With rigorous economic research and practical policy solutions, we focus on the issues and institutions that are critical to global development. Explore our core themes and topics to learn more about our work.
In timely and incisive analysis, our experts parse the latest development news and devise practical solutions to new and emerging challenges. Our events convene the top thinkers and doers in global development.
Payouts for Perils: Insurance Contracts for Better Emergency and Humanitarian Aid
The Payouts for Perils Working Group is examining how vulnerable countries and frontline humanitarian agencies can use insurance and index-linked securities to save lives, money, and time by financing emergency response much more effectively and creating healthy incentives to invest in disaster risk reduction. The Group brings together multilateral humanitarian and donor agencies, the insurance industry, academia, and senior government policymakers. It is jointly chaired by Owen Barder, Center for Global Development, and Professor Dr. Stefan Dercon, of the Department for International Development and the University of Oxford.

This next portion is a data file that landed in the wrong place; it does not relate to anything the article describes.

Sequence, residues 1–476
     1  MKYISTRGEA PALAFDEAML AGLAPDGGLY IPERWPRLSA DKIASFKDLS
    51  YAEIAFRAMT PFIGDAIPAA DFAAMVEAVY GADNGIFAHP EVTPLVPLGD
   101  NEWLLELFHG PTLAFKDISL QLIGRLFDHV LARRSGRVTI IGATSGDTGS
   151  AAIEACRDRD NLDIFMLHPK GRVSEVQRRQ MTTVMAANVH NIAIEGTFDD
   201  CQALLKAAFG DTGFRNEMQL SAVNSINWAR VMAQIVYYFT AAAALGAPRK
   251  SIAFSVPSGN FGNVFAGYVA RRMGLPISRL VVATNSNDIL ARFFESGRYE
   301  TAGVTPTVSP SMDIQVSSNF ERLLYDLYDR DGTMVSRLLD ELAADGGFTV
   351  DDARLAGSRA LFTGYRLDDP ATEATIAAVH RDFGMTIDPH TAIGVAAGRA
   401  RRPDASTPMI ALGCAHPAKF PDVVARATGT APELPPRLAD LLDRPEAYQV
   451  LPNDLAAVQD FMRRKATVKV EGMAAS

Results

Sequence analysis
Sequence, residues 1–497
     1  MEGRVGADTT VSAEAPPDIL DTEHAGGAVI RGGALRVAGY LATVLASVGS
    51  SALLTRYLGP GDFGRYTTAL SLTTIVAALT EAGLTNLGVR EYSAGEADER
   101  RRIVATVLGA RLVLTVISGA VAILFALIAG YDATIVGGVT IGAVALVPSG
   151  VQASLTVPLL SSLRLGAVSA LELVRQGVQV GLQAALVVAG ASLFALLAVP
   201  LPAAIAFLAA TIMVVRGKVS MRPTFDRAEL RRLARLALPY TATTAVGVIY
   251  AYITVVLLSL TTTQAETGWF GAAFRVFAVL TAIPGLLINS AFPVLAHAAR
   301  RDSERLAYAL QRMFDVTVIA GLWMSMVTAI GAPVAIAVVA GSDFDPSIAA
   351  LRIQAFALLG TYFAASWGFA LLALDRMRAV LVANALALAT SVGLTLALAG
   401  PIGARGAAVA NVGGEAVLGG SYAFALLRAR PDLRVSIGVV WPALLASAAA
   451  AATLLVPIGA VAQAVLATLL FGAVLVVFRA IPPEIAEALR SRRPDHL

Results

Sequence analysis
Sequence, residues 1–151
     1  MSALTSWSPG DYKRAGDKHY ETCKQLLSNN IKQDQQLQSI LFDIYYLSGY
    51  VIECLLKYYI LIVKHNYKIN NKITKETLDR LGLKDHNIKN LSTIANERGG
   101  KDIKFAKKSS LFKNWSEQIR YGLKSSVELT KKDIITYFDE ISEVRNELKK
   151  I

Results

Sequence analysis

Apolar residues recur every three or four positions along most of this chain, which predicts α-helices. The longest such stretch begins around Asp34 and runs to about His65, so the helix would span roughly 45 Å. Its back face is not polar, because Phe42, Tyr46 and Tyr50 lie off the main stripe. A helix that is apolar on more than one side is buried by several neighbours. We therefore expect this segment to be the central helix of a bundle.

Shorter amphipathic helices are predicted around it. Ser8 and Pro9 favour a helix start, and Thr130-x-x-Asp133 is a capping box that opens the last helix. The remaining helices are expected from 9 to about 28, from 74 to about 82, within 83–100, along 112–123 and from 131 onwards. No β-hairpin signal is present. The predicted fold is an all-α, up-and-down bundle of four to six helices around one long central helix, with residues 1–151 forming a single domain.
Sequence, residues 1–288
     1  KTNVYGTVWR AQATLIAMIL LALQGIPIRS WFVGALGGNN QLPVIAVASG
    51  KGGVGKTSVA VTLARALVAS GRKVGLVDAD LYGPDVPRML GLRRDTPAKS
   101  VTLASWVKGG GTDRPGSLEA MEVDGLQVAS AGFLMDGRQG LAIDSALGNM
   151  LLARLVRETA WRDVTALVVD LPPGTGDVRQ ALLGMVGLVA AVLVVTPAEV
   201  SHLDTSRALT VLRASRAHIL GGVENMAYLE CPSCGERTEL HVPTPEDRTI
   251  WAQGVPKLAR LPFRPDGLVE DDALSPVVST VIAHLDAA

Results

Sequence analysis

Many people living in countries with weak or cash-strapped government services live with the daily risk of natural disaster. Conflicts compound these risks; scarcity and natural hazards can also ignite conflicts. A UN report examining twenty years of data concluded that nine in ten emergencies have been due to natural hazards.
Providing assistance quickly and reliably after hazards hit saves lives and money. For example, a drought that would cause harvests to fail in Ethiopia can be predicted in advance: cash transfers or food aid could be delivered early enough to prevent starvation or forced sales of livestock. The consequences can be tragic when assistance arrives late. For example, careful statistical evidence collected by Stefan Dercon, the Co-Chair of our Working Group, points to a permanent loss of income amongst families affected by drought in Ethiopia. When aid is late, people do not recover.